Jeffrey A. Meyerhardt, MD; Paul J. Catalano, ScD; Deborah Schrag, MD, MPH; John Z. Ayanian, MD, MPP; Daniel G. Haller, MD; Robert J. Mayer, MD; John S. Macdonald, MD; Al B. Benson III, MD; Charles S. Fuchs, MD, MPH
Acknowledgments: The authors thank Shandi Smith and Trong Ao for their assistance in data collection and Mike Hadad for his help in compiling Medicare volume data.
Grant Support: Dr. Meyerhardt is supported in part by a K07 award from the National Cancer Institute (1K07CA097992-01A1) and an American Society of Clinical Oncology career development award.
Potential Financial Conflicts of Interest: None disclosed.
Requests for Single Reprints: Jeffrey A. Meyerhardt, MD, Dana-Farber Cancer Institute, 44 Binney Street, Boston, MA 02115.
Current Author Addresses: Drs. Meyerhardt, Catalano, Mayer, and Fuchs: Dana-Farber Cancer Institute, 44 Binney Street, Boston, MA 02115.
Dr. Schrag: Memorial Sloan-Kettering Cancer Center, 1275 York Avenue, Box 221, New York, NY 10021.
Dr. Ayanian: Brigham and Women's Hospital, 75 Francis Street, Boston, MA 02115.
Dr. Haller: University of Pennsylvania Cancer Center, 3400 Spruce Street, 16 Penn Tower, Philadelphia, PA 19104-4204.
Dr. Macdonald: St. Vincent's Comprehensive Cancer Center, 325 West 15th Street, New York, NY 10011.
Dr. Benson: Northwestern University, 676 North St. Clair Street, Suite 850, Chicago, IL 60611.
Author Contributions: Conception and design: J.A. Meyerhardt, P.J. Catalano, J.Z. Ayanian, D.G. Haller, R.J. Mayer, J.S. Macdonald, C.S. Fuchs.
Analysis and interpretation of the data: J.A. Meyerhardt, P.J. Catalano, D. Schrag, J.Z. Ayanian, C.S. Fuchs.
Drafting of the article: J.A. Meyerhardt, D. Schrag, C.S. Fuchs.
Critical revision of the article for important intellectual content: J.A. Meyerhardt, D. Schrag, J.Z. Ayanian, D.G. Haller, R.J. Mayer, A.B. Benson III.
Final approval of the article: J.A. Meyerhardt, P.J. Catalano, D. Schrag, J.Z. Ayanian, D.G. Haller, R.J. Mayer, J.S. Macdonald, A.B. Benson III, C.S. Fuchs.
Provision of study materials or patients: J.A. Meyerhardt, D.G. Haller, R.J. Mayer, J.S. Macdonald, A.B. Benson III.
Statistical expertise: J.A. Meyerhardt, P.J. Catalano, C.S. Fuchs.
Obtaining of funding: J.A. Meyerhardt, C.S. Fuchs.
Administrative, technical, or logistic support: P.J. Catalano.
Collection and assembly of the data: J.A. Meyerhardt.
Studies that use registry data have demonstrated superior long-term overall survival after curative surgical resection of colon cancer at hospitals where the volume of such surgeries is high. However, because such administrative data lack information on cancer recurrence, the true nature of this relation remains uncertain.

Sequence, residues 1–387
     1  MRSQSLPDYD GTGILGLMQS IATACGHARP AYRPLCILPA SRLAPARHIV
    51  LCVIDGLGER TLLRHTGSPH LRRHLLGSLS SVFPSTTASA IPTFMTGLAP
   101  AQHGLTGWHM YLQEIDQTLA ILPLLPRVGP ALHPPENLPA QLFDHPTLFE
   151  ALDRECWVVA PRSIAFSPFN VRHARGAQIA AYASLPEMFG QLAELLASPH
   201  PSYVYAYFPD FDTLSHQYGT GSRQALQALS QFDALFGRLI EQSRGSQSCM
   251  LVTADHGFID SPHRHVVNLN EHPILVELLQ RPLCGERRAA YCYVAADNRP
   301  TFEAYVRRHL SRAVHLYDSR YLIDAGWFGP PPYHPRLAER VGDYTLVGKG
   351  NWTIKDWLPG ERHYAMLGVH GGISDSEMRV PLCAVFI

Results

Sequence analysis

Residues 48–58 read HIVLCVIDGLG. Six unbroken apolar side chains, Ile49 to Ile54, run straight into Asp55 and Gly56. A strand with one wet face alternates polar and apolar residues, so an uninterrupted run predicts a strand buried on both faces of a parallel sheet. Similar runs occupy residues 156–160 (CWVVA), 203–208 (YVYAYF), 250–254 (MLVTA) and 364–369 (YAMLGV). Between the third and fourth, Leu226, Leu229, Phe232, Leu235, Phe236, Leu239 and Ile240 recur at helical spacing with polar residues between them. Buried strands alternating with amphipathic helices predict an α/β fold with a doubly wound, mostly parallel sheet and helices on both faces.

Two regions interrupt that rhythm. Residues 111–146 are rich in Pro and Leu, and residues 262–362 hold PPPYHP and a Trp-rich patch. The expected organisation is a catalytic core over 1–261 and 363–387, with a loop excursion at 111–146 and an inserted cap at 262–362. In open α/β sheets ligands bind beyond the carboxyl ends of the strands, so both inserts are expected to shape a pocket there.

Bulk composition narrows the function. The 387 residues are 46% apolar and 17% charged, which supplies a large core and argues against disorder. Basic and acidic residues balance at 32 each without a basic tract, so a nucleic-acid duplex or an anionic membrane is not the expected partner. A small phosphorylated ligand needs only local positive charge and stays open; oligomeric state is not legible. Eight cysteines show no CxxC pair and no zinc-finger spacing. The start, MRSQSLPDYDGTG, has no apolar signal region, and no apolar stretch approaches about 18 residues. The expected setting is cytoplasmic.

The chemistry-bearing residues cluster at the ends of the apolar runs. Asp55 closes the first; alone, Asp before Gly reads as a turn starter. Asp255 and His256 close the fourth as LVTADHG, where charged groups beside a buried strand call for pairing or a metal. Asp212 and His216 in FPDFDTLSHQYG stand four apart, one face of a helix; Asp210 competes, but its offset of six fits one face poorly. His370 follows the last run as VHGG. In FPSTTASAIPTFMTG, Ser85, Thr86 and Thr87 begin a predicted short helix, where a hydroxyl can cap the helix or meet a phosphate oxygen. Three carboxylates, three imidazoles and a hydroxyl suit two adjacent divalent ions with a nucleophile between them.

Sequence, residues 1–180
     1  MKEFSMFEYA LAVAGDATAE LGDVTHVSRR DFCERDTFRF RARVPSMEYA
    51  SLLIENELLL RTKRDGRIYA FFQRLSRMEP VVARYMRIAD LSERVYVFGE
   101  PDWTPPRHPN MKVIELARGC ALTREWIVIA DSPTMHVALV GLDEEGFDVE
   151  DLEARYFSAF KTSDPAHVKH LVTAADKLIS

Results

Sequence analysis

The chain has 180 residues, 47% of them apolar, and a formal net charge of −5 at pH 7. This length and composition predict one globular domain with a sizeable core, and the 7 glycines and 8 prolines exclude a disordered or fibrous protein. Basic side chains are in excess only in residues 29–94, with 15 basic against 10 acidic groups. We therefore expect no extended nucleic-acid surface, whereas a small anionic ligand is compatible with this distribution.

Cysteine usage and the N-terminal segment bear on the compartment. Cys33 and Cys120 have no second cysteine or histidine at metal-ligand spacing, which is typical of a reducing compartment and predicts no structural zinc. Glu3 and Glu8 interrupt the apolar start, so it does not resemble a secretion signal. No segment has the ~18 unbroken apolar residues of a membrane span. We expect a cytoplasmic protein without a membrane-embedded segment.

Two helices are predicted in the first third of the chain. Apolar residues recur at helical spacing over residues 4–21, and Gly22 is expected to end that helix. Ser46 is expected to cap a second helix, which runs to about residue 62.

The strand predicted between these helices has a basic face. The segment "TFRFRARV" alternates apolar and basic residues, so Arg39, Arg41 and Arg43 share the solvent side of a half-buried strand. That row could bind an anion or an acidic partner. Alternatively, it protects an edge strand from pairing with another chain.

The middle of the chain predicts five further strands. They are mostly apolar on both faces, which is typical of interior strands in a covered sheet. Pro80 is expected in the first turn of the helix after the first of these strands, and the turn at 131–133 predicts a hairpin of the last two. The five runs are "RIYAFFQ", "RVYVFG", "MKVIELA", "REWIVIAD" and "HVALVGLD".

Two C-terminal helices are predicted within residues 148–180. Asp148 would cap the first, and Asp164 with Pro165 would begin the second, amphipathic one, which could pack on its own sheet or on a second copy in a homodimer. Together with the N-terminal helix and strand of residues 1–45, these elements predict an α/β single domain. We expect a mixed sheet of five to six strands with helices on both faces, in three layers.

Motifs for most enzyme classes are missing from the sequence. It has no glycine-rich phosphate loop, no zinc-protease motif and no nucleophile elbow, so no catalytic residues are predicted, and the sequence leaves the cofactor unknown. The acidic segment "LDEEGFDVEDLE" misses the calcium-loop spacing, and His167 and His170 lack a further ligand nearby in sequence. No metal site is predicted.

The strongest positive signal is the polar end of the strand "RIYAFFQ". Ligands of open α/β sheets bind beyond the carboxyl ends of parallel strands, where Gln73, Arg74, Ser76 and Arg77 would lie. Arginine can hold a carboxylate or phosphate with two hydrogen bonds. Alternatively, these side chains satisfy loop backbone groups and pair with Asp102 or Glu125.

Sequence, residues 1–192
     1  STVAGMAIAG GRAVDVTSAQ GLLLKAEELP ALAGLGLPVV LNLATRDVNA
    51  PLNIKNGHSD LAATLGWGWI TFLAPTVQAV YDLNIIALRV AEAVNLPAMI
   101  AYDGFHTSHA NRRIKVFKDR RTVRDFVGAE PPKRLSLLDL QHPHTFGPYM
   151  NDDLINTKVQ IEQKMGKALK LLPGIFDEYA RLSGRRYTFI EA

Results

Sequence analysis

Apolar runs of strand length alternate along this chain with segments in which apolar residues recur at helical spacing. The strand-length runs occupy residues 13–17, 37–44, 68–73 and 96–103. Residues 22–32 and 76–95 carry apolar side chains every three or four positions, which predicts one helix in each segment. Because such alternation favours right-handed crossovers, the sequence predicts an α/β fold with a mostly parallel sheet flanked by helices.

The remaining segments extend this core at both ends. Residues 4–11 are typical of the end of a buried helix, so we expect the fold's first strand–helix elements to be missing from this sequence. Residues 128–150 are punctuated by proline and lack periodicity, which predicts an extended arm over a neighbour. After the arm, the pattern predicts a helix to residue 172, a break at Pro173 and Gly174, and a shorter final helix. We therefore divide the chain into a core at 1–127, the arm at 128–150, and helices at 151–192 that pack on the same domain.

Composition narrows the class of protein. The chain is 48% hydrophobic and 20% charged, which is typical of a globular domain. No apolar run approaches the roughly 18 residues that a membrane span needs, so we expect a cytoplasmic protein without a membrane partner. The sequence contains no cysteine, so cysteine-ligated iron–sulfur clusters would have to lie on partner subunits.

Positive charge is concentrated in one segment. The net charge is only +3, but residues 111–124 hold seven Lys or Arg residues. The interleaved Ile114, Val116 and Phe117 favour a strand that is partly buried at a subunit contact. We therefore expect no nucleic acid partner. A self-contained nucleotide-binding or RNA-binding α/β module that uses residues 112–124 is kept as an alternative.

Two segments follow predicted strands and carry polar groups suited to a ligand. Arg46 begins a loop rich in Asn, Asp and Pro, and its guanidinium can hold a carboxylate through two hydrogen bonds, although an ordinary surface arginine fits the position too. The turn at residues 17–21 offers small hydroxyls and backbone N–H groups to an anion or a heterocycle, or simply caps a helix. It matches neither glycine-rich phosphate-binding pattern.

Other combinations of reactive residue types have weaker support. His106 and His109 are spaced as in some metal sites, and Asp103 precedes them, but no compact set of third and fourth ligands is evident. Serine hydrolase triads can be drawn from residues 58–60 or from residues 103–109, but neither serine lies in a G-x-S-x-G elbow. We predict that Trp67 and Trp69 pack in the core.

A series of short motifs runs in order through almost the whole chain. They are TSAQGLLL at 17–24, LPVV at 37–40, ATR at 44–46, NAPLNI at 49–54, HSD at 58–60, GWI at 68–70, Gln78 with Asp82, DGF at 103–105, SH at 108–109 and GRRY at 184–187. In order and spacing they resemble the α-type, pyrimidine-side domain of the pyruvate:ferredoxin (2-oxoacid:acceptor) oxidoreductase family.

To determine whether hospital procedure volume predicts long-term outcomes of colon cancer surgery.
Nested cohort study within a randomized clinical trial.
Intergroup 0089 national adjuvant colon cancer study conducted between 1988 and 1992.
3161 patients with high-risk stage II and stage III colon cancer.
Overall survival and recurrence-free survival, by hospital procedure volume as defined by Medicare claims data.
With a median follow-up of 9.4 years, 5-year overall survival significantly differed across tertiles of hospital procedure volume (63.8% for patients who had resection at low-volume hospitals compared with 67.3% at high-volume hospitals; P = 0.04). After adjustment for other predictors of colon cancer outcome, the hazard ratio for overall mortality in patients treated at low-volume centers was 1.16 (95% CI, 1.03 to 1.32). However, the risk for cancer recurrence was not associated with hospital procedure volume. Five-year recurrence-free survival was 63.9% for patients who had resection at low-volume hospitals compared with 63.0% at high-volume hospitals (adjusted hazard ratio, 1.03 [CI, 0.89 to 1.18]). These findings did not materially change after stratification by other potential demographic and clinical predictors of outcome.
According to prospectively recorded data from a large clinical trial, patients whose colon cancer was resected at low-volume hospitals experienced a higher risk for long-term mortality; however, this increased mortality was not attributable to differences in colon cancer recurrences.
Meyerhardt JA, Catalano PJ, Schrag D, et al. Association of Hospital Procedure Volume and Outcomes in Patients with Colon Cancer at High Risk for Recurrence. Ann Intern Med. 2003;139:649–657. doi: https://doi.org/10.7326/0003-4819-139-8-200310210-00008
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Published: Ann Intern Med. 2003;139(8):649-657.
Colorectal Cancer, Gastroenterology/Hepatology, Gastrointestinal Cancer, Hematology/Oncology, Hospital Medicine.
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